“There’s one location we shot at, on the Upper East Side in this park where Jonathan and I are sitting on a bench, that I had never seen before. I thought, what an interesting place, because most exterior locations in Manhattan have been overused. We’ve all seen ’em. But that was an interesting park; I didn’t know it existed.”
Far from any urban jungle, Pantoliano found himself in the forests of the Pacific Northwest when he took part in THE FINAL TERROR. Directed by Andrew Davis, who would go on to big-ticket actioners like UNDER SIEGE and THE FUGITIVE, it casts Pantoliano as Eggar, the antagonistic bus driver who shuttles a group of youths on a work detail into the woods where a feral killer is lurking. “That was a lot of fun,” the actor says. “We were in Crescent City, California, where all the big redwoods are, and I’m a city boy; I grew up in Hoboken, New Jersey. I remember I was walking on this log and I saw a slug, and I just wimped out; I was like, ‘Oh my God! Oh my God! What is that?’ And Andy was laughing so hard, the camera started shaking.
“Andy and I became good friends and colleagues, and I worked on several of his movies after that. [Future studio mogul] Joe Roth and Donna Roth produced the movie, and we made it for nothing with all of these unknown kids who became very famous later on.” These up-and-comers included Daryl Hannah, Rachel Ward, Adrien Zmed (T.J. HOOKER) and Lewis Smith (BUCKAROO BANZAI, NORTH & SOUTH).
“We had so little money that Andy operated the camera; he was the director, the DP and the cameraman,” Pantoliano continues. “One thing I remember fondly is, we finished shooting, and we were staying in this motel, and I was driving the picture car, which was this pickup truck. Andy had 3,000 feet of film left, and he said, ‘I’ll just shoot you driving, on the way back to the motel,’ and I said, ‘Sure!’ I always like working with Andy. THE FINAL TERROR kind of didn’t exist for a while. We made it, I never heard of it again, and then with the advent of all these streaming services, it has become somewhat popular, 30 or 40 years later.”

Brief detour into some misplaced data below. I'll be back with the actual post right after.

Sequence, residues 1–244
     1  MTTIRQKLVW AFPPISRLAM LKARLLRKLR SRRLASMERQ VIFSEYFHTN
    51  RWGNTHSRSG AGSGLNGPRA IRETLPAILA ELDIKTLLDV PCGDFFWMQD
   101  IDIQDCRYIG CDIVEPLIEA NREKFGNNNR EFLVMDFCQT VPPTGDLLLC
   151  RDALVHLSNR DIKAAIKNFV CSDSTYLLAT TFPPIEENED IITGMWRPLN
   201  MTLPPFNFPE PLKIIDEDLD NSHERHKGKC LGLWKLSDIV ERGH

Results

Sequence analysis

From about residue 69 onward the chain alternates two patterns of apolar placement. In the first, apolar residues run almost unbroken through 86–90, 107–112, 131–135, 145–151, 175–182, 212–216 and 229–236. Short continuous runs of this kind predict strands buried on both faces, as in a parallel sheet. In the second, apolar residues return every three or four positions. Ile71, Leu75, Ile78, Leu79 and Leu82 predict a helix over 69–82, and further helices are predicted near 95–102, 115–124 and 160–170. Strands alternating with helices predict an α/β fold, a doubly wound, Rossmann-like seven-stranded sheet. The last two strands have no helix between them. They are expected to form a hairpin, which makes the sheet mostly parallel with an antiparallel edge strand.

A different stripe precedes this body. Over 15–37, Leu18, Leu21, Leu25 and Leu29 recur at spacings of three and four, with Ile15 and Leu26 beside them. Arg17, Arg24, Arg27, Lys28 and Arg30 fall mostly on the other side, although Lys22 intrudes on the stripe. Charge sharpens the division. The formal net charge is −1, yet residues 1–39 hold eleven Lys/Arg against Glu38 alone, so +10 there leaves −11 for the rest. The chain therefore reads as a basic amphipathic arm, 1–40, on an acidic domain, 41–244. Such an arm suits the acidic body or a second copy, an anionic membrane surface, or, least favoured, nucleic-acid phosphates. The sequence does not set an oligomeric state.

One notable thing about THE FINAL TERROR for Pantoliano is that (SPOILER ALERT) “I played two characters: Eggar and his mother,” who turns out to be the killer stalking the group through the trees. “Eggar is trying to protect his mother, so he doesn’t want these kids to go into this area, because he knows they could be in danger and his mom could be found out.” The actor reveals that he played the murderous mom “in some cases; in others, it was Steve Altman, Robert Altman’s son, who was the prop guy and wound up becoming a very successful production designer. He did stunts on FINAL TERROR, like the one where Cindy Harrell falls out of the tree after she’s been murdered, into the boat. We had a great time working on that.”
Recently, Pantoliano has been devoting a good deal of his time to NO KIDDING? ME TOO!, a podcast he hosts with his daughter Daniella. “I’ve been an advocate for mental-health-related issues for a long time now, and we talk to high-profile people who have dealt with and come through and manage and regulate their particular brain styles.” And when it comes to future gigs, he says he’s not attracted to one particular kind of film over another. “It’s good parts in good pictures, and the people who are going to be involved. I’ve never really been attracted to genre specifically; it’s more the filmmakers I want to work with.”